In: Charter Spectrum, Out: Time Warner Cable; So Over-time; Has the Fed Finally Made Up its Mind?

Thanks for the memories…

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Image courtesy of iosphere/FreeDigitalPhotos.net

As the Charter Communications $55.1 billion acquisition of Time Warner Cable comes to a close, we can now bid a final adieu to the latter. And that’s no great loss since Time Warner Cable had the dubious distinction of earning the worst customer service score according to a survey done by the American Customer Satisfaction Index. Yet, strangely enough, TWC still managed to pick up some 32,000 video subscribers and another million high-speed internet users in 2015. In any case, this acquisition joins Charter’s other recent acquisition of Bright House Networks LLC to the tune of $10.4 billion. Charter will scrap the Time Warner Cable name, which nobody is likely to miss, and the newly formed company will be named “Charter” while its products and services will be sold under the name “Spectrum.” Catchy, no?  With that, Charter Spectrum becomes the second largest cable operator in the country, picking up 27.5 million new customers and playing second to Comcast Corp. As for Time Warner Cable’s outgoing CEO, Rob Marcus, he can wipe away his tears with his $92 million severance package, while trying to polish up his LinkedIn profile.

Laboring on…

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Image courtesy of saphatthachat/FreeDigitalPhotos.net

The Labor Department’s got some new rules headed your way, but you might not want to try breaking these, particularly if you find yourself working plenty of overtime. Because if you earn less than $47,476 a year, then congrats…sort of. You will now qualify for overtime and a half if you work more than forty hours a week. That’s a far cry from the $23,660 that served as the previous threshold. The reason for nearly doubling that threshold, by the way, is that the Labor Department hadn’t changed the rules since 2004. So I guess it’s kind of making up for lost time.and now has plans to change the numbers up every three years. In any case,  4.2 million workers will be positively affected by these new changes, with a big chunk of that being the millennial demographic. The new rules, however, could have unintended negative consequences. For instance, employers might decide to limit the amount of hours employees can work in order to avoid having to pay them overtime. Employers also might wish to start giving out raises. That might, at first, seem like a very good thing. However, it would be so that they can pay employees more than the $47,476 in order to, once again, avoid paying overtime. But then there are the “highly compensated employees” who may become eligible for overtime as well. By highly compensated, I mean getting paid at least $134, 004. In order for these highly compensated employees to get their overtime paid,  they must pass a “minimal duties test.” Problem is the Labor Department isn’t entirely clear about that part and is leaving it to the discretion of the employers. And before you start slaving away on all those extra hours, know that these rules wont take effect until December 1.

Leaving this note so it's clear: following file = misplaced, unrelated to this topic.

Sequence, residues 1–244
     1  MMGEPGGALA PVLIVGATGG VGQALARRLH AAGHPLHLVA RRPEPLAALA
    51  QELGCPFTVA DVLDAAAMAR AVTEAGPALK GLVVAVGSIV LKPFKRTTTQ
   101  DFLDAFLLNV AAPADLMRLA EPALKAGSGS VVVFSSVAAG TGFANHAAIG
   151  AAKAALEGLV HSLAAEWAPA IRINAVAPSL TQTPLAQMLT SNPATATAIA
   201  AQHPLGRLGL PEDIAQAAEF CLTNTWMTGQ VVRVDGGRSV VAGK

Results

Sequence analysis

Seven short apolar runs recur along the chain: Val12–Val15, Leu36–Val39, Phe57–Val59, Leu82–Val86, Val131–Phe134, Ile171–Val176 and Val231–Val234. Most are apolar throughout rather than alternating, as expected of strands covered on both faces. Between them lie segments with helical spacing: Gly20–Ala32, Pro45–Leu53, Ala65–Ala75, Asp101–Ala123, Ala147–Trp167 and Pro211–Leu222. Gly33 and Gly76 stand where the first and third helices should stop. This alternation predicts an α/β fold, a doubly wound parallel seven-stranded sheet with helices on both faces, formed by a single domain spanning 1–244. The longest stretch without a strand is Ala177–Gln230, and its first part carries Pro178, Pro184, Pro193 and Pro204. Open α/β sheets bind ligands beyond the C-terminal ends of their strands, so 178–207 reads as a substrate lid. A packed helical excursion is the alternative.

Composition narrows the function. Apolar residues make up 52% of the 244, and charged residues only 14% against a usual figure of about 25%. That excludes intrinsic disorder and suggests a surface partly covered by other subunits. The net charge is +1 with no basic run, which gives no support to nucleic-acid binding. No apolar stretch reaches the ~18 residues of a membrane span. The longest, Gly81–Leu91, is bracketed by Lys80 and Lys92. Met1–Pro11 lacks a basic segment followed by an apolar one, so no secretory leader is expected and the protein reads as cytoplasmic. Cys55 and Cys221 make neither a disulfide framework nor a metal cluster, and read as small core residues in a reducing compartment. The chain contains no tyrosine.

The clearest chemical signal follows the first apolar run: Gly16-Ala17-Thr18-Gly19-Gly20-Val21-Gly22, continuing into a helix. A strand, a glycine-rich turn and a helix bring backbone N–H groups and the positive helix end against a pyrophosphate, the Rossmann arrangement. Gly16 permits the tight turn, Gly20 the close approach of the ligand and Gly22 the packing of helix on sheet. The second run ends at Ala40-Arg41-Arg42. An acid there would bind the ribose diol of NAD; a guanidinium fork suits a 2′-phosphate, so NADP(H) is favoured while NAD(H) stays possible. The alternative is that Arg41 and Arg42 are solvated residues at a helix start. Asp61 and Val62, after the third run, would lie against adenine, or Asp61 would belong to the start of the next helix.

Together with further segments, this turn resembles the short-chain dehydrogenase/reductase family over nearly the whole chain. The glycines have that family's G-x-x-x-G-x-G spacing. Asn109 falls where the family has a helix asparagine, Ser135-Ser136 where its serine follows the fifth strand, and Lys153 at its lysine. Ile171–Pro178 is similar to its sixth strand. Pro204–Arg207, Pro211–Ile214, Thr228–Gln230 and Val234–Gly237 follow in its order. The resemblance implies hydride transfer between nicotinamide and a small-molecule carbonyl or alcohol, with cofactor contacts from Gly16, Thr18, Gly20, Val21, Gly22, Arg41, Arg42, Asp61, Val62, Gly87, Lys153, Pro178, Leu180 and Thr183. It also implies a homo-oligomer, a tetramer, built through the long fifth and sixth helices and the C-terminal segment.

To hike or not to hike…

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Image courtesy of iosphere/FreeDigitalPhotos.net

It’s official. Or not. The minutes of April’s Fed meeting were released and the would-be experts think there will indeed be a rate hike in June of .25%-.50%. Members of the Fed were pinning their hopes and dreams on finding some hard-core data that the economy is growing. It seems they got it. For one, inflation is headed in the right direction towards that 2% target rate the Fed has its sights on. And unlike George Soros, the Fed is not as freaked out by the prospects of an economic slowdown. Throw in a good labor market, respectable consumer spending and even more respectable manufacturing output numbers and you just might be witness to a June rate hike. News of the likely hike sent the dollar to a seven week high and had markets all over the place. But there is that little issue about April’s disappointing jobs data which came out so inconveniently after the Fed had its meeting. Despite the fact that the labor market is looking fairly decent, those April digits can spook even the most optimistic of economists. So it’s still entirely possible that a rate hike might also get nixed.

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One response to “In: Charter Spectrum, Out: Time Warner Cable; So Over-time; Has the Fed Finally Made Up its Mind?

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